Not only is Secondhand Time full of terribly, grotesque anecdotes about living in a totalitarian regime (for example, one man, assigned to guard a freight car transporting people to Siberia during dekulakization, opened the door to find a "half-starved child eating his own shit as if it was kasha.") but it also contains so much rage and wonderment over the collapse of their Empire. They really did not expect it to happen. It's not like they lost a war or anything. There wasn't even an economic shock. Instead everything somehow fell apart over the course of a few months. And only then did their economy collapse. Gruesome. Makes you realize how fragile a society really is.
I'm listening to Svetlana Alexievich's Secondhand Time, which is a collection of oral histories from people who lived through the fall of the Soviet Union. There are a few interviews here from Soviet dissidents and pro-capitalist folks, but mostly the reactions are from people whose feelings are a lot more mixed. Most of them feel as if something has been lost. Their reactions are on two levels. One, it's a historical fact that life got pretty shitty, on an economic level, after the fall of the Soviet Union. The economy of Russia contracted by something like thirty percent. Standard of living and life expectancy fell.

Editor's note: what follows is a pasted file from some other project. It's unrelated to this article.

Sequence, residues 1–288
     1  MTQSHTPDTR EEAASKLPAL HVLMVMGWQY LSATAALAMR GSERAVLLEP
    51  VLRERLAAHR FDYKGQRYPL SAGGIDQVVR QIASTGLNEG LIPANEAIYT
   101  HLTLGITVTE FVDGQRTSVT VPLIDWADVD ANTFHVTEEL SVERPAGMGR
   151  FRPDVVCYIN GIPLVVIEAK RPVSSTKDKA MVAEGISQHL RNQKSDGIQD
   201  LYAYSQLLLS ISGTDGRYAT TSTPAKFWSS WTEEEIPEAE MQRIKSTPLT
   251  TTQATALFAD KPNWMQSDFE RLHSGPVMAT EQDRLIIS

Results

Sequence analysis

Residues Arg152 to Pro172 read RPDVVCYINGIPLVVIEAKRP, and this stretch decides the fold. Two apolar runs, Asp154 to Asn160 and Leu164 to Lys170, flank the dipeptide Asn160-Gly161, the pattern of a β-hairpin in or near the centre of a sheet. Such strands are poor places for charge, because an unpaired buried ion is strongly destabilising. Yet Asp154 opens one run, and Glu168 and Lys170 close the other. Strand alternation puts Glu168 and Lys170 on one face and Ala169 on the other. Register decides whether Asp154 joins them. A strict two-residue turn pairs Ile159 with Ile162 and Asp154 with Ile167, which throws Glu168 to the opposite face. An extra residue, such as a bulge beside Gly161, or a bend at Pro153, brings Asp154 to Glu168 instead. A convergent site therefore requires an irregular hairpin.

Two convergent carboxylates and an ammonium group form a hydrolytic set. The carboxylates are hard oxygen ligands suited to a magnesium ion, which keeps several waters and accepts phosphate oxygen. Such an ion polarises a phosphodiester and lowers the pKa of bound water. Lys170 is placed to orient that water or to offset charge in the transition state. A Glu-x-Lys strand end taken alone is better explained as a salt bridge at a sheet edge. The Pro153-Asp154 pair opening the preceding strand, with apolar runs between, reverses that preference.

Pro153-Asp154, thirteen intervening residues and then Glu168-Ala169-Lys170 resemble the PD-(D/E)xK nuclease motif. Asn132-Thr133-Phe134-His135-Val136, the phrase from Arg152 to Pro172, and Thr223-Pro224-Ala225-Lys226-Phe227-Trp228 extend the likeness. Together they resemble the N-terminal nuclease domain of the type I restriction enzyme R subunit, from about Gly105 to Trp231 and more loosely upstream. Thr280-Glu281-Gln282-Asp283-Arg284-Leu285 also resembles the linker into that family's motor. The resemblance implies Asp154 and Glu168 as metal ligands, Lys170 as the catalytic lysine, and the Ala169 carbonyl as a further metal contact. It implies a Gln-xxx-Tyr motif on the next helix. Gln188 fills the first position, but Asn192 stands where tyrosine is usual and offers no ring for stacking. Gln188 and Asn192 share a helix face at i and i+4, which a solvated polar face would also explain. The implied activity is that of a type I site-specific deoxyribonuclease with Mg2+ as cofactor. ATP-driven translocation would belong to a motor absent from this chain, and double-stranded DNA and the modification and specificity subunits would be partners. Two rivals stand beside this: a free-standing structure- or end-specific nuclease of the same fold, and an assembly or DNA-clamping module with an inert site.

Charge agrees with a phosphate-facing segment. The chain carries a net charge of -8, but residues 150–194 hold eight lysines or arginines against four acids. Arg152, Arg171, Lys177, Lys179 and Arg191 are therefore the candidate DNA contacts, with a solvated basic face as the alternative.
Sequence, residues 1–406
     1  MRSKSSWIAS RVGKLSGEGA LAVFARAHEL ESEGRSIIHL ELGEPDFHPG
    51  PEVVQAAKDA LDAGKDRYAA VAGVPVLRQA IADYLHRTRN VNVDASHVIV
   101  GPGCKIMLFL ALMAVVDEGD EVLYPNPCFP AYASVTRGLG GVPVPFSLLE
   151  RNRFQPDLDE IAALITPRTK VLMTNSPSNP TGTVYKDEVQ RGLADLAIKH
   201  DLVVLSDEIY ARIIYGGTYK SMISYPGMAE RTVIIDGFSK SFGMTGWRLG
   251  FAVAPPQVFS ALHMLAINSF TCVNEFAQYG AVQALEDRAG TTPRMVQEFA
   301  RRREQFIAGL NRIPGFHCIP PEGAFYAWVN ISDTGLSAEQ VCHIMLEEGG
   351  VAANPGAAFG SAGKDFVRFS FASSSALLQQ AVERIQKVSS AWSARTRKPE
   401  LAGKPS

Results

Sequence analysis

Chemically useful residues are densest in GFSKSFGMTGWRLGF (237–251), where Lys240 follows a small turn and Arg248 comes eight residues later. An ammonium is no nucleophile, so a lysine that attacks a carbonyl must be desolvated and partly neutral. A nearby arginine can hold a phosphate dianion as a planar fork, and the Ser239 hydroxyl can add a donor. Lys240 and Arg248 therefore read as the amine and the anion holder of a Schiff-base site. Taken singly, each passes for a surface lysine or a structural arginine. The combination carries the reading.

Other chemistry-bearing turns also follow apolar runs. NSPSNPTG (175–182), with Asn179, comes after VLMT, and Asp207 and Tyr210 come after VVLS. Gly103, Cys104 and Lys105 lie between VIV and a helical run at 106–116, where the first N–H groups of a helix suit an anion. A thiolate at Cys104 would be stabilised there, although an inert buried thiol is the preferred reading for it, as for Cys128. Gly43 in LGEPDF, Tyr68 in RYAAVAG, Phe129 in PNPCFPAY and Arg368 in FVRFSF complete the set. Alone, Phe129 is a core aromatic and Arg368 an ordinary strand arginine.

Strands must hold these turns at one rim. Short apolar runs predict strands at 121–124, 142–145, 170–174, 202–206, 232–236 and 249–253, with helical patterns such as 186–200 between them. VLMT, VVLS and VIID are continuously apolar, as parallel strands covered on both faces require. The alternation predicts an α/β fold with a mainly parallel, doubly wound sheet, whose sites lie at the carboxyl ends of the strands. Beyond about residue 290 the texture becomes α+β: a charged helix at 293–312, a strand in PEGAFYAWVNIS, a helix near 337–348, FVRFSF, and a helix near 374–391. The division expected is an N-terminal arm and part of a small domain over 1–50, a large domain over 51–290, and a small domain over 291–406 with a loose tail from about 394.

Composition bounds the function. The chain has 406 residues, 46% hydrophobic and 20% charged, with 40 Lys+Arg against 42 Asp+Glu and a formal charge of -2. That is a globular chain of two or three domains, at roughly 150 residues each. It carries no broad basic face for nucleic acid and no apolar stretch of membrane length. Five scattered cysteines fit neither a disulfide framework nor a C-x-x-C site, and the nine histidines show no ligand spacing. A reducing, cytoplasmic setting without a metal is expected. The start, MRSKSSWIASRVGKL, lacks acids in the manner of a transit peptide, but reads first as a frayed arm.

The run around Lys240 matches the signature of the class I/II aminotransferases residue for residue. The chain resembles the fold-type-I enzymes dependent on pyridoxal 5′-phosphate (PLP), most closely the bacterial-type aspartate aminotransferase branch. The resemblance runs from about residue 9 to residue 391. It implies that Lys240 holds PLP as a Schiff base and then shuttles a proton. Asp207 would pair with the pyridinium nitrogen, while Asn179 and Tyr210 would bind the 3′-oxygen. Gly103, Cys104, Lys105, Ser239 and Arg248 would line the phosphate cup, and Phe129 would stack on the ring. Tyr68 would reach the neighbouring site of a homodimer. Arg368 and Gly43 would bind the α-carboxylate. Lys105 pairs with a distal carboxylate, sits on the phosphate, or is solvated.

But more interesting is the second aspect of their reactions, which is the feeling that Russia has lost its way. That it's no longer a great world power, but now just another weak, capitalist nation. These people believed, in some level, in all the communist hype. Maybe they didn't believe in the system as it was currently enacted, but they certainly didn't believe that life in the West was superior. I found myself very interested in it, because I keep thinking about America. Life here is not better, on a material level, than it is in much of the industrialized West (or East, for that matter). In many cases, it's worth. But we feel some sense of our own greatness that would be a very perplexing thing (even for me) to lose.
The audiobook adaptation is amazing! It's a cast of about a dozen, and they do a great job mixing up voices, so it's almost like you're listening to the people themselves. Alexeivich's arrangement is also fantastic. Her work reminds me of Studs Terkel's, but she doesn't shroud herself, as interviewer and editor, as much as he did, and she also intercuts and mixes up the narratives a bit more, so it seems more like a collage than an anthology.
Audiobook is thirty dollars though! Seems excessive. Definitely the kind of thing to spend an Audible credit on (if you have one) rather than putting down real money. Or, even better, get it out from the library =]